The arrangements for export credit operation involving elements of aid are handled under the consensus and development aid committees of the Organisation for Economic Co-operation and Development rather than under the GATT. The Government are currently exploring within those OECD groups the issues raised by the type of credit arrangements offered by Japan for the second Bosporus bridge.
Is it not unacceptable that the Japanese Government should put my right hon. Friend in the position of losing a major contract to the Japanese for bridge building although we produced the lowest contract price? Because of the use of subsidised export credits and trade in aid-type arrangements, the Japanese have won this major contract and, thus, are able to penetrate a market that was previously dominated by the British, with a consequent loss of jobs for the United Kingdom. Yet, the Japanese refuse to accept proper trade terms for the entry of our goods. Is it not essential that my right hon. Friend negotiates a watertight arrangement to put our manufacturers and exporters on the same basis as Japanese business men?
I well understand my hon. Friend's anxiety. As I said the last time when I answered questions on this matter, it does not appear that the Japanese broke any undertakings and agreements on aid. However— [Interruption.] If the House is finished, I shall continue. However, what I find—[Interruption.]
I am not lost for words, but I have no intention of shouting above this bear garden, and the sooner hon. Members stop shouting, the sooner we shall get on. [Interruption.]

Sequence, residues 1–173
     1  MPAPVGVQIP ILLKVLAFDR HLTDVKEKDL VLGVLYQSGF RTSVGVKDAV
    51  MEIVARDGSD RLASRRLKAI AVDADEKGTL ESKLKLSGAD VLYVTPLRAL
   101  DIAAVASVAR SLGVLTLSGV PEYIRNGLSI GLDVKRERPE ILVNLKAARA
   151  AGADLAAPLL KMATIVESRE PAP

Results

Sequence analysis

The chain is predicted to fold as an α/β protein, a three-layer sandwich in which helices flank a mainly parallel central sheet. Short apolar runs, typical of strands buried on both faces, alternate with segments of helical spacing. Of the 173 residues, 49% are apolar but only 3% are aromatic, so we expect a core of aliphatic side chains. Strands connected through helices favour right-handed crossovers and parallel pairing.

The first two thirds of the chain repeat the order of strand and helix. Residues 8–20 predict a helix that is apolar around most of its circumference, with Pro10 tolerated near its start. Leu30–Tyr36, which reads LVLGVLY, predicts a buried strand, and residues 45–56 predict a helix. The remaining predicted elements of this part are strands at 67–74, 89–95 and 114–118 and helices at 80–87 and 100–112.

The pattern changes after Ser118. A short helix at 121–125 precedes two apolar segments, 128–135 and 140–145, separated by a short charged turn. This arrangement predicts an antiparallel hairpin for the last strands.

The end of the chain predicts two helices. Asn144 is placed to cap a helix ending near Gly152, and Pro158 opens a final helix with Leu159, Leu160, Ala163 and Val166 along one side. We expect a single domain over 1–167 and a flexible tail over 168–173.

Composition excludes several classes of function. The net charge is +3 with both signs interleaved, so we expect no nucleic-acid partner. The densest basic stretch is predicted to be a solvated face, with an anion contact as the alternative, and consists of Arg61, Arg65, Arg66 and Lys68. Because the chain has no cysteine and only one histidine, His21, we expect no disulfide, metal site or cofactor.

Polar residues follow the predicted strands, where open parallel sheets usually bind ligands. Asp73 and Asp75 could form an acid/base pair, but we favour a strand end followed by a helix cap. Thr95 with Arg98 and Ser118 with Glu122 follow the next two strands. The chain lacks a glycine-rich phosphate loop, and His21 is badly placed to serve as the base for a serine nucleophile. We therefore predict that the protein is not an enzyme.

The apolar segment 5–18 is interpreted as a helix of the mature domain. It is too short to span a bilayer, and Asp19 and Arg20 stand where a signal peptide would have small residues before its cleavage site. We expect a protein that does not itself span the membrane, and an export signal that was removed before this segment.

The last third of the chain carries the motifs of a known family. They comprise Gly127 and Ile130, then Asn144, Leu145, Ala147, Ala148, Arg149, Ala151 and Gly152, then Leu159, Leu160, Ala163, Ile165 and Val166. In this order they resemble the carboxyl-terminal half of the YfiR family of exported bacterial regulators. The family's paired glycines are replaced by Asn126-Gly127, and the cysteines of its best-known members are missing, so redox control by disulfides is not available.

Of course you should have said that, Mr. Speaker. Mr. Speaker is always right.
The point about the Bosporus bridge contract, which I have sought to make both here and in discussions with the Japanese authorities, is that their dumping of cheap credit to obtain this contract is incompatible with the assurances and policies announced by Mr. Nakasone, under which the Japanese are seeking to limit their trade surplus. That matter is being taken up forcefully with the Japanese authorities, and unless they pay attention, before long other countries will take protectionist measures against them. I hope that they will draw back from the position into which they are getting before it is too late.
In the light of the predatory policies being pursued by the Japanese, and in the light of what the Secretary of State has just said, does he accept that this is hardly the time to contemplate unilateral disarmament in trade of the sort with which the Government seem to be flirting in the wake of the Byatt report? Will he listen to the views of the National Economic Development Office, published today, and of his Department's overseas projects board, and ensure that British firms which seek major contracts abroad are not left defenceless against the Japanese and other foreign competitors?